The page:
“France, however, made a different decision,” Faleomavaega said. “In June of 1995, the newly elected President of France, Jacques Chirac, announced that France would violate the 1992 world moratorium on nuclear testings and explode 8 more nuclear bombs at Moruroa and Faugataufa atolls in Tahiti beginning in September 1995. What Chirac didn’t say was that each of the nuclear bombs France would explode would be up to ten times more powerful than the bomb dropped on Hiroshima, Japan, a bomb which took the immediate lives of some 150,000 people and later claimed another 50,000 who died from nuclear contamination and illness.”
The United States had also freely offered France the technology it sought to ensure its so-called nuclear weapons reliability, making its proposed testings unnecessary. Faleomavaega also pointed out that France is the only nuclear superpower that refuses to conduct nuclear testings inside its own borders and that of the total 200 plus nuclear bombs France has exploded, not one has been exploded on, above, or beneath French soil.
In response to the French government’s 1995 announcement to resume nuclear testings in the South Pacific, Faleomavaega shared with conference participants how he traveled to the island of Tureia, 60 miles away from Moruroa, and joined with members of Greenpeace. “On board the Rainbow Warrior II, we headed for Moruroa where France had already placed its nuclear bomb in a shaft about 3,000 feet under the atoll,” the Congressman said. “Strengthened by the innocence of 10,000 children from Hamburg, Germany who donated 8 marks each to have their names listed in protest on the sail of a boat that joined us in the Moruroa atoll, the Rainbow Warrior II launched six inflatable zodiacs right under the nose of French naval warship.”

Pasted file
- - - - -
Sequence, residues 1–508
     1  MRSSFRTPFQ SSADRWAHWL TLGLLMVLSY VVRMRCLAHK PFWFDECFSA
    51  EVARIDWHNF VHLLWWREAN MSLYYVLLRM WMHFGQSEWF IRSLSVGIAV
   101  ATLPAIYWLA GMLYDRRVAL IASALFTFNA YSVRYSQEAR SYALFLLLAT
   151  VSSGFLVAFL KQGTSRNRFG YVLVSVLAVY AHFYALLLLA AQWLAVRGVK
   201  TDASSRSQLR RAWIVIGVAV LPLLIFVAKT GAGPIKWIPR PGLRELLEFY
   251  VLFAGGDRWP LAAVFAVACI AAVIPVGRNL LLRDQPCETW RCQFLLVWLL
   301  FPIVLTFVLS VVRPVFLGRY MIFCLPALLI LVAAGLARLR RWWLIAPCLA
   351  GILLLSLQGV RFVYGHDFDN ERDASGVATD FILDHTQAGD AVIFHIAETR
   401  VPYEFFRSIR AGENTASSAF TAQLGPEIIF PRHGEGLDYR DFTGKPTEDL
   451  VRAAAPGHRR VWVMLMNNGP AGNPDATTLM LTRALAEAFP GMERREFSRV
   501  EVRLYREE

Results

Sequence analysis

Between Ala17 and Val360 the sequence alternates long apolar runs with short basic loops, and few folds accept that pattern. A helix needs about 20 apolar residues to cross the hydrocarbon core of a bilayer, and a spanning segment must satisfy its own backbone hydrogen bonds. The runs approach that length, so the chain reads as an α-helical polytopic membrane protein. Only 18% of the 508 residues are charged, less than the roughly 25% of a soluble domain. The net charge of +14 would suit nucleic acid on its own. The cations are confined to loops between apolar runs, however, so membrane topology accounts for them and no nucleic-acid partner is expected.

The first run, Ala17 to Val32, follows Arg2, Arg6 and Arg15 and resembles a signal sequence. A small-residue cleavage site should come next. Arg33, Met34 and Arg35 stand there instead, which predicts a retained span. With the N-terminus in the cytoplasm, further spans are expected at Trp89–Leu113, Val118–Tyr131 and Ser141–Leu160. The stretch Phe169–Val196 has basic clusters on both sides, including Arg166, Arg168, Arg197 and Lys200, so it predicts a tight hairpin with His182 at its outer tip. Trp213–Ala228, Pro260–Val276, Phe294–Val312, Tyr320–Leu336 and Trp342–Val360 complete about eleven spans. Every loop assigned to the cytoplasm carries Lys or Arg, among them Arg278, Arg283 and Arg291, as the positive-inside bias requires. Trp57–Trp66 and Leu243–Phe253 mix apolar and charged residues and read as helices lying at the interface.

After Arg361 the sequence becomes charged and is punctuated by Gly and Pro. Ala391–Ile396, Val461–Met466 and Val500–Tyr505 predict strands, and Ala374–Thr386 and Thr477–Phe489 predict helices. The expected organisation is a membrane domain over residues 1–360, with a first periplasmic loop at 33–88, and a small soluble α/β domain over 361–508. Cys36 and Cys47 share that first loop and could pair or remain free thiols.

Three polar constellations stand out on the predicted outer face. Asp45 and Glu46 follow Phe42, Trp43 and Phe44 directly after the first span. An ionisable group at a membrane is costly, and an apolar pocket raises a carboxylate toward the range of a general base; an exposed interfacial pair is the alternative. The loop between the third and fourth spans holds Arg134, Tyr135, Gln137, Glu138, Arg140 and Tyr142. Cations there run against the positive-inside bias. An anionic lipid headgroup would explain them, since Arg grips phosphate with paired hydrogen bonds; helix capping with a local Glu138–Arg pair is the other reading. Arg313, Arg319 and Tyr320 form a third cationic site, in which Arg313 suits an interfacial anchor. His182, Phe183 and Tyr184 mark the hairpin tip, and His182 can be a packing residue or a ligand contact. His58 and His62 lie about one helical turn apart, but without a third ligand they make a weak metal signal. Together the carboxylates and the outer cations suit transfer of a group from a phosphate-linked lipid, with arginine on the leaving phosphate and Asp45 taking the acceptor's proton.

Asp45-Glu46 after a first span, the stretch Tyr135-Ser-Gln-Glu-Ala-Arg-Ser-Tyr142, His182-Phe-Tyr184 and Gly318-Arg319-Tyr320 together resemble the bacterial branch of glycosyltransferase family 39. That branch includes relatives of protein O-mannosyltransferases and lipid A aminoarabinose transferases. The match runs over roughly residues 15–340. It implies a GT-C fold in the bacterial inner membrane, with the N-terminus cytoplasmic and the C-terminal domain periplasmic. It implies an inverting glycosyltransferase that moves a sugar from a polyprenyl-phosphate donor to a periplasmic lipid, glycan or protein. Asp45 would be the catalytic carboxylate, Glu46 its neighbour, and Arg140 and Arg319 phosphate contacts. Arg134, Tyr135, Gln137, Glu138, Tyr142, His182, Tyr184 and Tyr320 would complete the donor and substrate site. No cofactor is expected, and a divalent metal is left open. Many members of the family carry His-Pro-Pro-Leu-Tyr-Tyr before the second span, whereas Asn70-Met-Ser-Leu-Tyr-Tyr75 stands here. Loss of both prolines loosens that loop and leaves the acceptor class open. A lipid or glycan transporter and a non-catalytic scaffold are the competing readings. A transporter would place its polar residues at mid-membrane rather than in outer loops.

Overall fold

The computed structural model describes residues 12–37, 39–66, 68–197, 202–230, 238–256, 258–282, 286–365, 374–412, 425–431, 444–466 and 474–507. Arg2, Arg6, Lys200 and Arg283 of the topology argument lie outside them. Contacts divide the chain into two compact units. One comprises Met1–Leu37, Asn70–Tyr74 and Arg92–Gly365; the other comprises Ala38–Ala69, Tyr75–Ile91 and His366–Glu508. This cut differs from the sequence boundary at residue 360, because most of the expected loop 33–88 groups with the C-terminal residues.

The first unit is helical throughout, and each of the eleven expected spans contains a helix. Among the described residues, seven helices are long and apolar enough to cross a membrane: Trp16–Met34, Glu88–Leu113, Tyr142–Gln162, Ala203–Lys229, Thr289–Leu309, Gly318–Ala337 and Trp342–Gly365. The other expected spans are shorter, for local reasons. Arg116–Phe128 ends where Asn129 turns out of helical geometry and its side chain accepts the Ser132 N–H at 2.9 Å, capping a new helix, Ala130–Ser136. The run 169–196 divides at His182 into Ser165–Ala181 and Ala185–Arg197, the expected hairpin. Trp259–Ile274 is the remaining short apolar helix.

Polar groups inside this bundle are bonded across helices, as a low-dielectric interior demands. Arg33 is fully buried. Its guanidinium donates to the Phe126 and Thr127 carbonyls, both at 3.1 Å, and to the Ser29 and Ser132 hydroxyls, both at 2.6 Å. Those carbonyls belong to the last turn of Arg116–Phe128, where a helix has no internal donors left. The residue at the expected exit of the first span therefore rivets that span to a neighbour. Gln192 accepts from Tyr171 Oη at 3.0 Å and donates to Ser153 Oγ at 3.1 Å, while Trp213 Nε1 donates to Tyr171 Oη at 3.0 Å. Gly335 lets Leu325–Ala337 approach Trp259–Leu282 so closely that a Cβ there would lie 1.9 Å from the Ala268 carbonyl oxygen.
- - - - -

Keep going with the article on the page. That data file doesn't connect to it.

“The zodiacs were manned by young men and women from New Zealand, Australia, Italy, the United States, France and Portugal. These young men and women were not commandos or soldiers. They were just ordinary citizens committed to a nuclear-free world.”